Labor and Delivery Nurses' Perceptions of Caring for Childbearing Women in Nurse-Managed Birthing Units

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Abstract

Purpose

To identify the perceptions of nurses caring for women giving birth in nurse-managed, highly technological birthing environments.

Methods

A purposive sample of 18 perinatal nurses employed at four different in-hospital birthing centers utilizing nurse-managed labor models participated in audio-taped interviews. Interviews were transcribed and analyzed for themes.

Results

Themes included (1) nurses' aversion to birth plans, (2) barriers to the provision of supportive care for birthing women, (3) differences in caring for women who are medicated versus those who are unmedicated, and (4) the rewards of caring for birthing women. Although practicing in very busy, highly technological birthing units, many study participants seemed to focus on the value of predictability and efficiency guiding the provision of nursing care to birthing women.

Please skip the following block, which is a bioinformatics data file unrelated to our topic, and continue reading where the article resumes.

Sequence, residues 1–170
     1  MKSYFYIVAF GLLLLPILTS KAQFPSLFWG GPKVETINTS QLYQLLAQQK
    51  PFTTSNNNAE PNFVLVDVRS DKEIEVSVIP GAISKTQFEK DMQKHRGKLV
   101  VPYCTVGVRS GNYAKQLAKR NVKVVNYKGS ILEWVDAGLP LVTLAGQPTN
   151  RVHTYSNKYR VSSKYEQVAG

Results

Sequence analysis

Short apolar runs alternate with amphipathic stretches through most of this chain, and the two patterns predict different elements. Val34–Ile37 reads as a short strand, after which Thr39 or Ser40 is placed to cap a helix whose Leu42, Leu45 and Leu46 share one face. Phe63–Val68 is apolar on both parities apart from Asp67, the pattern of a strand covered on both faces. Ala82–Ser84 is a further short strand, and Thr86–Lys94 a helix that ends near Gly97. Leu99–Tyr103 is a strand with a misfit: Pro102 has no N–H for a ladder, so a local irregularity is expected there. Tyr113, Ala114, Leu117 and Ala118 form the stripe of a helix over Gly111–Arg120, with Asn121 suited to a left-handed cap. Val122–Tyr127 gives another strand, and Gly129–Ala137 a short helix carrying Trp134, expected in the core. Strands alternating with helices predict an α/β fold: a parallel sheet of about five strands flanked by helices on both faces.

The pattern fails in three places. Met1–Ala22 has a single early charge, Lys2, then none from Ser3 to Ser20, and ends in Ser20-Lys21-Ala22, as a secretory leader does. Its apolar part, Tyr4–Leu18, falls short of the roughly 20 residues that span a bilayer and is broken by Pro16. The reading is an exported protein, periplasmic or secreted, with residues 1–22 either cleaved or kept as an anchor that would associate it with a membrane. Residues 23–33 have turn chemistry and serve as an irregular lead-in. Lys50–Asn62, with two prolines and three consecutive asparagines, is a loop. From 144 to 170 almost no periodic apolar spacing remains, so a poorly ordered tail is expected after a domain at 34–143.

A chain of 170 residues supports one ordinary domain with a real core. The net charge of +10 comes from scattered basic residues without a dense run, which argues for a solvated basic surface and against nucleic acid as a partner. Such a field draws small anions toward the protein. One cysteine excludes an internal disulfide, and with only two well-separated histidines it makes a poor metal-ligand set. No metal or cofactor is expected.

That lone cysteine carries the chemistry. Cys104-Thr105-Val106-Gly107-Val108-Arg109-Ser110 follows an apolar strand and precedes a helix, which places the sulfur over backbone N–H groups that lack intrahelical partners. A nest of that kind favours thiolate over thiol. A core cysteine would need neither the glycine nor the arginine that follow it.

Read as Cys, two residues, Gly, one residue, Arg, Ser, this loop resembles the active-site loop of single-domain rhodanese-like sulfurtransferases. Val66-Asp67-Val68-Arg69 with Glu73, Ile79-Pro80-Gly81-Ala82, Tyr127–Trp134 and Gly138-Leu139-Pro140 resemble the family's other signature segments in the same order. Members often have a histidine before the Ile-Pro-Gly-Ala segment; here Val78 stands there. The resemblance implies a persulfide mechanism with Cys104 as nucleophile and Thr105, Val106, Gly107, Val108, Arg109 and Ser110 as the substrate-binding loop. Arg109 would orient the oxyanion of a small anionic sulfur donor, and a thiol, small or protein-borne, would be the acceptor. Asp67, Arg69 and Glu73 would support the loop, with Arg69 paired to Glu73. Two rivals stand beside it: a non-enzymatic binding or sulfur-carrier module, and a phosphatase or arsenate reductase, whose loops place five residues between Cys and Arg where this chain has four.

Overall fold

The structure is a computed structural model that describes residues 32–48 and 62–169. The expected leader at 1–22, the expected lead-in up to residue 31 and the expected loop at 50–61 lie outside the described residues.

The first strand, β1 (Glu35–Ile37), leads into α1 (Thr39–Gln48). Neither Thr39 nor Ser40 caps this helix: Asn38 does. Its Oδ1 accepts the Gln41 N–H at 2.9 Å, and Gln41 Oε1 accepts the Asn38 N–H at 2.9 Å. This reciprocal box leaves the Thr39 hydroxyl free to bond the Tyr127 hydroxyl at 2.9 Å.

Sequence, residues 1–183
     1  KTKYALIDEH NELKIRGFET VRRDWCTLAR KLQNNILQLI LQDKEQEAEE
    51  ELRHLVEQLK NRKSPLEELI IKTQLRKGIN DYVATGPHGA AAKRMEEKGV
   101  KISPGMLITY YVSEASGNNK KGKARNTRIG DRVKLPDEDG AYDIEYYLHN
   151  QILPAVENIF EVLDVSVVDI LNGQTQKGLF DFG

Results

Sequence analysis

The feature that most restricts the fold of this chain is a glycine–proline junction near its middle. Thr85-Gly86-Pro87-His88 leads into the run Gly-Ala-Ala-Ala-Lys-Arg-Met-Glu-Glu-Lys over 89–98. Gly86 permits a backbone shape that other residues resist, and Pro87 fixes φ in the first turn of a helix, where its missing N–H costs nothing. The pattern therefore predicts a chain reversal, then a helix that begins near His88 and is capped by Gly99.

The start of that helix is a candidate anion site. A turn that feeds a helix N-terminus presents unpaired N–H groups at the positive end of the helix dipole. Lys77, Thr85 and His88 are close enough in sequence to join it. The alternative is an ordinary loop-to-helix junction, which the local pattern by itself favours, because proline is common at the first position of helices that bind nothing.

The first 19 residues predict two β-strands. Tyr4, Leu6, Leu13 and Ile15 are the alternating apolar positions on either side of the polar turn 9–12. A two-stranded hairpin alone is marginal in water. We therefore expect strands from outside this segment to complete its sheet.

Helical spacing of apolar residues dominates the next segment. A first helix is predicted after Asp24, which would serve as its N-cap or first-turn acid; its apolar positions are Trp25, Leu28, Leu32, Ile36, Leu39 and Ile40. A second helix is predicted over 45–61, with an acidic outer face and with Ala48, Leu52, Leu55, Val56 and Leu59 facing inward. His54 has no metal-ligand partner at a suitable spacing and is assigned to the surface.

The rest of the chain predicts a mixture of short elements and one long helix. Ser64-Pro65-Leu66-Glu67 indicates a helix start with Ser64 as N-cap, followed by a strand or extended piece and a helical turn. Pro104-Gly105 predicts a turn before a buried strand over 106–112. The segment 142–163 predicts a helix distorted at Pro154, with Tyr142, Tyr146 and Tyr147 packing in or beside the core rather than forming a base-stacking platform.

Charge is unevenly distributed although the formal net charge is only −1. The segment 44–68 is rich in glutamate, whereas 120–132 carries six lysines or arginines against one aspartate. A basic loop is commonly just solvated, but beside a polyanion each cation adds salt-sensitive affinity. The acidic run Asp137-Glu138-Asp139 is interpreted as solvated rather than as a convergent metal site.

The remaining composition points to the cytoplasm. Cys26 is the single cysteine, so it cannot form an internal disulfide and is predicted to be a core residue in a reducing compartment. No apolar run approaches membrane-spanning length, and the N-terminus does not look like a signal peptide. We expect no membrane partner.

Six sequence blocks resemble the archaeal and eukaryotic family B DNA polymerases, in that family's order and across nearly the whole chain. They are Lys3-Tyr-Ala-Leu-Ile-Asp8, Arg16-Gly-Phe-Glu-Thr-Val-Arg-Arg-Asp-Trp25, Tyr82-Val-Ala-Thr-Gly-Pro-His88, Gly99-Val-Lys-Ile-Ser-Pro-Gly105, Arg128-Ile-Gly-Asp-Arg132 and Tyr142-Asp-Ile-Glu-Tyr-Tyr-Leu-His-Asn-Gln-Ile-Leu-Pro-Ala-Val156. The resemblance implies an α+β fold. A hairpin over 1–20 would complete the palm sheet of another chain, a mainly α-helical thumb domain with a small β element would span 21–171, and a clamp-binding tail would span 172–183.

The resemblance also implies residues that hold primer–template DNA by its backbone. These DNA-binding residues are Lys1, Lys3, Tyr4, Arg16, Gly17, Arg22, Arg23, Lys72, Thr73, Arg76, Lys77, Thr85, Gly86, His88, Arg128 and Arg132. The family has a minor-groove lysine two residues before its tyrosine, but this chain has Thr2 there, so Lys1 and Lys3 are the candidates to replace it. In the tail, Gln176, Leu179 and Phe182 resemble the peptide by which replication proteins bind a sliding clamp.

Nursing Implications

Women's birth experiences are heavily influenced by perinatal nurses and their care, yet the voices of these nurses have not been represented fully in nursing research. Nurses in this study reported multiple challenges in the provision of supportive care for their patients, and a wider dialogue on this topic within perinatal nursing is warranted. More research is needed on this topic, and intervention studies documenting innovative methods of teaching, orienting, and continually educating these nurses should be undertaken.

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